Thursday, February 25, 2010

The Glare Aesthetic

"Glare Aesthetic" 8x10, oil/matboard

Before the Impressionists learned that color relationships can be used to make subjects appear sunny and bright, painters invoked a concept called the "glare aesthetic" to do the same. Basically, this involved using large, bright planes next to small areas of deep darks. Contrast and lots of white paint did the trick. Color has nothing to do with it. You may have seen a similar effect when walking a beach on a very sunny day without your sunglasses.

Down by Oak Creek along the flat shelves of pink rock we see it, too. At noontime, the pink is nearly bleached out by the sun, and the only relief for our aching eyes are the little shadow areas under ledges or where vegetation gathers. The other day, I decided to capture the effect, and to see how rapidly I could do it. Broad strokes, quick color mixes and paying attention to, above all, value contrast, gave me the effect I wanted.

Who had the right approach? The Impressionists or the Glare Aesthetic School? Either can give you a powerful and dynamic painting.


Dana Chabino said...

Very nice painting! I really like the color reflections in the water.


Sharon Weaver said...

Hi Michael
I see that you have my blog listed and thought I would return the favor. Great work and good to find another plein air artist.

Michael Chesley Johnson said...

Thanks, Dana and Sharon!

Fritz Engelhardt said...

Hallo Michael, very nice to see your works: painting, picasa and
books. An impressing landscape exhibition in Pastell. My main media are water color and oil on lines.


Michael Chesley Johnson said...

Danke vielmals, Fritz!

Bill Cramer said...

Thanks for your thoughts on this subject. Sometmes I try to remind myself that if I'm using a lot of white to depict the glare, that I've probably made a color or value error somewhere along the line. I try to slow down and see where I might have gone wrong. I wonder if the trouble starts by begining in an Impressionist style and then moving into a Glare Aesthtic style? Can the two co-exist in the same painting?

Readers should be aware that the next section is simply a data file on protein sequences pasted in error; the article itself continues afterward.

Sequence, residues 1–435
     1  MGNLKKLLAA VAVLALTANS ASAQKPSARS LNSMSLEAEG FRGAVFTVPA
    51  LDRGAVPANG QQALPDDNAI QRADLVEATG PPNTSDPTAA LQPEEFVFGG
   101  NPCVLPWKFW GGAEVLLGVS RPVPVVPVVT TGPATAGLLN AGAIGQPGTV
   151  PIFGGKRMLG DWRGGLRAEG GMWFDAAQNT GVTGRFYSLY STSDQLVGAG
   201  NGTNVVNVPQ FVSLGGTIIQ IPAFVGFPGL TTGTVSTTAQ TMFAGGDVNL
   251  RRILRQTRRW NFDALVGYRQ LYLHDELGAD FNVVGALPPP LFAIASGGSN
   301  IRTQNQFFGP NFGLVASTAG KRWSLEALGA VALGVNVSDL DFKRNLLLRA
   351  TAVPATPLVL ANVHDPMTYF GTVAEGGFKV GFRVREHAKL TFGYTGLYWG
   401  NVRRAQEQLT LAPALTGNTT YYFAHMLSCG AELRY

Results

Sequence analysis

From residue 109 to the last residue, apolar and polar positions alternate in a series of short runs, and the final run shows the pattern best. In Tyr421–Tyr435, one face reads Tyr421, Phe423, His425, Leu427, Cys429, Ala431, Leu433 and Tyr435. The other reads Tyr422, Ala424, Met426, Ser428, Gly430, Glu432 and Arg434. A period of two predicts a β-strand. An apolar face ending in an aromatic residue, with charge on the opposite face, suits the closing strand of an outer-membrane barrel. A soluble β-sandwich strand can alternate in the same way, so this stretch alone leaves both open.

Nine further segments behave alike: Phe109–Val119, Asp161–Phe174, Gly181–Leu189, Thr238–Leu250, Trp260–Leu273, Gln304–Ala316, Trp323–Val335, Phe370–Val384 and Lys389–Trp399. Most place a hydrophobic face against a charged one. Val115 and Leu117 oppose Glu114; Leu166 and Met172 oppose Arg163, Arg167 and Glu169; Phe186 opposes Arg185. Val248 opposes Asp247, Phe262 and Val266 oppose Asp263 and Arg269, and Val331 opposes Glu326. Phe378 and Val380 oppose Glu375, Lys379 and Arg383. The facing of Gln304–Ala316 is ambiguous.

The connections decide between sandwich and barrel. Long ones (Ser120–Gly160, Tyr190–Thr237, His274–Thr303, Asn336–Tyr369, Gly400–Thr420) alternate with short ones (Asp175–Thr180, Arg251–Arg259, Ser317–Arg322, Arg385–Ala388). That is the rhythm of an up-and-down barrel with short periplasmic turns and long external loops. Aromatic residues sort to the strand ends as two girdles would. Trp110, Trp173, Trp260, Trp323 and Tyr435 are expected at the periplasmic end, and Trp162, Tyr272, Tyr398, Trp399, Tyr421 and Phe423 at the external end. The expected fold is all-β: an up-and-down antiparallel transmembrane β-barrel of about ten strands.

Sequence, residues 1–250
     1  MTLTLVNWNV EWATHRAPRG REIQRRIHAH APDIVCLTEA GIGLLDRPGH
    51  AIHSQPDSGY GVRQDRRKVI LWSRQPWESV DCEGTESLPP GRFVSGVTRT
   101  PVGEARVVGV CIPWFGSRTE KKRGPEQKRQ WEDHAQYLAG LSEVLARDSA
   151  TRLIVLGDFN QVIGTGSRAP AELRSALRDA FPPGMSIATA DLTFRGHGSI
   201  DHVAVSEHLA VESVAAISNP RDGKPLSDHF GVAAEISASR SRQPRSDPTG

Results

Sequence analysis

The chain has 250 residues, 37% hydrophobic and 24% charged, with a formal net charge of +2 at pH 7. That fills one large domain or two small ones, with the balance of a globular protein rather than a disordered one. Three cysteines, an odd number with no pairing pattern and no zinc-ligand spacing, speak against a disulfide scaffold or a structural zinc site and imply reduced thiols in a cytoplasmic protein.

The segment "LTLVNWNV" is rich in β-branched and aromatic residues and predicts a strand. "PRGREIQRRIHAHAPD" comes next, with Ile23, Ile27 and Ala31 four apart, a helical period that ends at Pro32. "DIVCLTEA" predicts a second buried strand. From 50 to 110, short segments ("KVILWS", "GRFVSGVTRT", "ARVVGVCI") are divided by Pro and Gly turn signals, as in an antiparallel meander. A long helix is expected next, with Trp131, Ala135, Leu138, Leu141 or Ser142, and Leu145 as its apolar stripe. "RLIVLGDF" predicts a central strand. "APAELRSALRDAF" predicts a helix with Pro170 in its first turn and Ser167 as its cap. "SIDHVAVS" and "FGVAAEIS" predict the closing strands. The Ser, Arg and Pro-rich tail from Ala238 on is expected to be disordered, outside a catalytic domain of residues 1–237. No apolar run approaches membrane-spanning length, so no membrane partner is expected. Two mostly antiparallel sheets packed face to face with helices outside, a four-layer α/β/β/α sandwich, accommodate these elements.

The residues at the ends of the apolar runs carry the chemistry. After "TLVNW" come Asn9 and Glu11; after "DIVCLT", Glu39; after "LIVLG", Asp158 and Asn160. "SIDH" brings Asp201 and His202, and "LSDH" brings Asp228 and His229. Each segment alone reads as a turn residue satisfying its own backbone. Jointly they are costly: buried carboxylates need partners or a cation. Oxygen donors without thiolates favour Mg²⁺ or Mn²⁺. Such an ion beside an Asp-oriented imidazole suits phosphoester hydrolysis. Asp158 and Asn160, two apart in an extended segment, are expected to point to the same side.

Your example painting is great, though do you wish you had used something other than matboard? You never really know when you're going to have a personal painting high point and it seems a shame to capture it on something not quite so archival. Just a thought... Bill

Michael Chesley Johnson said...

Thanks, Bill. I think you can use the Glare Aesthetic and impressionism in the same piece. And it is a danger to use too much white. White, as you know, cools and greys color. As for matboard - let me hear your thoughts on the archival quality of matboard. I'm using Crescent conservation matboard (lignin- and acid-free woodpulp) with two coats of Blick acrylic gesso.

Bill Cramer said...

All things being equal, I suppose that a canvas, a wood panel and a piece of mat board (especially the type you are using) would last equally as long in a safe environment. Although, I'm pretty sure the wood panel would last the longest.

I guess my concerns are not only about the long lasting qualities of the material, but its everyday durability. Wood panels have a lot of knock-around durabilty. Canvas can be cut or punctured and matboard can be dented or bent. How well are your mat panels holding up?

Michael Chesley Johnson said...

I'd probably go with the wood, too. The matboard is holding up all right. What I'll do is mount them to ... wood!

Bill Cramer said...

That sounds like a good plan. If you get one you really like and want to preserve a little better, mount it.

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